Here’s why a lot of parents are upset with the new “Peter Rabbit” movie

Peter Rabbit, a brand new live-action and animated hybrid movie, hit theaters this past weekend, and now the film is finding itself in a bit of hot water. The the story follows the whimsical adventures of Peter Rabbit and his furry friends as they try to take control of Mr. McGregor’s garden in an updated version of the cherished Beatrix Potter books. However, this new adaption includes a scene where a food allergy ends up the butt of a joke, and it’s not sitting well with audiences.

In the movie, Domhnall Gleeson’s Mr. McGregor explains that he has an allergy to blackberries and that information is later used against him when Peter Rabbit launches a blackberry into his mouth, in an effort to stop him once and for all. Mr. McGregor, thankfully, has his EpiPen on him, and while the scene is meant to be portrayed in a funny way, audiences — especially parents with children who suffer from food allergies — don’t think the scene is funny at all. In fact, many thought it was dangerous.

The Kids with Food Allergies Foundation issued a statement that warned parents about the scene and issued a statement to explain why the scene was so troubling, writing:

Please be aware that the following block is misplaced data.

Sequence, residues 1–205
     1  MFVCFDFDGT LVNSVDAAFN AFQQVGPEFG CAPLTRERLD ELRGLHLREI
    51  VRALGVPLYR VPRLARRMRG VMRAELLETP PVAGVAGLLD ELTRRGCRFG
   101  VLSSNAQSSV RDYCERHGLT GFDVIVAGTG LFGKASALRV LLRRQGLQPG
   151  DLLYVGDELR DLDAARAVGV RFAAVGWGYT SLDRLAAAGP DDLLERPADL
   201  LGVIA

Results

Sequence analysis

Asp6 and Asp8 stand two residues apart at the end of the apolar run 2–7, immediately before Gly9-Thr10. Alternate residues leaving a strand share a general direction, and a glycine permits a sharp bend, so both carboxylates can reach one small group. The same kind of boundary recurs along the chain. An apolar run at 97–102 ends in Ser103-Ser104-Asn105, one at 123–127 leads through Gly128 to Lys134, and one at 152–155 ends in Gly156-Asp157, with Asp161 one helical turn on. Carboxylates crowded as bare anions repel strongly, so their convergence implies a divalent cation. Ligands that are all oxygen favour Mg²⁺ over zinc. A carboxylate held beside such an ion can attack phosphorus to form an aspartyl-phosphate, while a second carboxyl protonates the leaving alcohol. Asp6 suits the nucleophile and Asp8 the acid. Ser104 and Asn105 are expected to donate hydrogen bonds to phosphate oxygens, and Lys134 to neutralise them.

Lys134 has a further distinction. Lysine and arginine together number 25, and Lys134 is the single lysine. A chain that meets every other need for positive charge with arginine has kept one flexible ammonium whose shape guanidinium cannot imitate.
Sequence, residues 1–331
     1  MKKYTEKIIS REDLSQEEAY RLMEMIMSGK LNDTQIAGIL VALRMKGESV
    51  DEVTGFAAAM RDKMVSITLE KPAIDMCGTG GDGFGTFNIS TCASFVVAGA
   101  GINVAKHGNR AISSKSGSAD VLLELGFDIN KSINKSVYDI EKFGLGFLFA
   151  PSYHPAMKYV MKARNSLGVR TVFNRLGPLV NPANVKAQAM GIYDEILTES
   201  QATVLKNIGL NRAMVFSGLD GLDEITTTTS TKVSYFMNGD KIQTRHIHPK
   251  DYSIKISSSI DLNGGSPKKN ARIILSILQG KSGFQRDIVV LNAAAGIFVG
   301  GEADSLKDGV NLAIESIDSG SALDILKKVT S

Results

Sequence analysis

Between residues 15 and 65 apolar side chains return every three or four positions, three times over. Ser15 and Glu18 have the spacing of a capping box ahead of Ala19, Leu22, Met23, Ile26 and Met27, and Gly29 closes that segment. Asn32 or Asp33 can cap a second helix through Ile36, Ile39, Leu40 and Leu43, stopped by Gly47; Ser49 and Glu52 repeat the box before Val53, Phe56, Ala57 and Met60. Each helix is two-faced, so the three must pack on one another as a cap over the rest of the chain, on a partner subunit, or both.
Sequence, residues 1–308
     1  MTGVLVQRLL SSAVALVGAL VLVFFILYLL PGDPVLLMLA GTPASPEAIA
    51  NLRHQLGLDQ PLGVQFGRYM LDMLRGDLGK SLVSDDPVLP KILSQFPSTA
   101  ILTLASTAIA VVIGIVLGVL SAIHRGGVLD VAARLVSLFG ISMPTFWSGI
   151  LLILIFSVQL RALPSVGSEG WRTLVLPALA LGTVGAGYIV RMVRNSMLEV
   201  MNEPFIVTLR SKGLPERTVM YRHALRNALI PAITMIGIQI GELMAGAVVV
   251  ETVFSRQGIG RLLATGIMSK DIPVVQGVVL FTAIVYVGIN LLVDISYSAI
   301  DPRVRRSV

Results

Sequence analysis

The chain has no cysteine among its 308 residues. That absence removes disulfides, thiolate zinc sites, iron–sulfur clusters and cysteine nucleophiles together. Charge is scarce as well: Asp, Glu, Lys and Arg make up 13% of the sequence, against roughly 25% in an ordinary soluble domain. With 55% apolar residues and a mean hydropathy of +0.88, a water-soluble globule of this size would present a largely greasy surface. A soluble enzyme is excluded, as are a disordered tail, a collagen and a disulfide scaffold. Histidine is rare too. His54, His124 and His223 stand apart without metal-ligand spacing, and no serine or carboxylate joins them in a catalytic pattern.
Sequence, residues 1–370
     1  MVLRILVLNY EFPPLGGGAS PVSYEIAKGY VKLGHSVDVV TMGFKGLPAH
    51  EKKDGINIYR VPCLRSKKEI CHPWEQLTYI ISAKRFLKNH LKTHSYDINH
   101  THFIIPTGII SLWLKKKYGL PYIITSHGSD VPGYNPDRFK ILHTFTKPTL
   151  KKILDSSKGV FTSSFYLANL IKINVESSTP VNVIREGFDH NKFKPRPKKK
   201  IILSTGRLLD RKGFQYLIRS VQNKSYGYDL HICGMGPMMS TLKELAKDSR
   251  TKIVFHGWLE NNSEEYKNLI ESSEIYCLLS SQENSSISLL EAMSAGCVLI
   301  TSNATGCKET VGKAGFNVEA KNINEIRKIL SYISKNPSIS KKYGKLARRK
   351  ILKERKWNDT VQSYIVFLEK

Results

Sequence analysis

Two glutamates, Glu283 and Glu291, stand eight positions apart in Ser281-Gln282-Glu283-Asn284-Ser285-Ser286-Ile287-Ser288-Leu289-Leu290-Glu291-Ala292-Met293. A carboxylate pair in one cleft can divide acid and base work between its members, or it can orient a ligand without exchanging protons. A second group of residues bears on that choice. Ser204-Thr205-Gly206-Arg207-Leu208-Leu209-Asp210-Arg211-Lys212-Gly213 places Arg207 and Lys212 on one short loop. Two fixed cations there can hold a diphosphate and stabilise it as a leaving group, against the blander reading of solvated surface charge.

"The very real fear and anxiety that people experience during an allergic reaction (often referred to as an impending sense of doom) is a serious matter, Making light of this condition hurts our members because it encourages the public not to take the risk of allergic reactions seriously, and this cavalier attitude may make them act in ways that could put an allergic person in danger."

While the scene might seem harmless to some — obviously a human man dealing with rabbits pelting him with the thing he is deathly allergic to is not a normal occurrence — the fact that this movie is directed at kids makes this truly problematic. Twitter is also up in arms about the moment in the film, with many calling for a boycott:


Sony has already apologized for the moment in the film, and according to the New York Times they issued a statement in response, writing in an e-mail :

"Food allergies are a serious issue. Our film should not have made light of Peter Rabbit’s archnemesis, Mr. McGregor, being allergic to blackberries, even in a cartoonish, slapstick way... We sincerely regret not being more aware and sensitive to this issue, and we truly apologize."

However, to many parents, the damage has already been done. It’s important to teach kids about food allergies and how to best support their classmates who deal with them. The silver lining is that Peter Rabbit has unintentionally brought up the conversation in families, but it would have been far better had this kid’s movie treated this very serious issue with respect in the first place.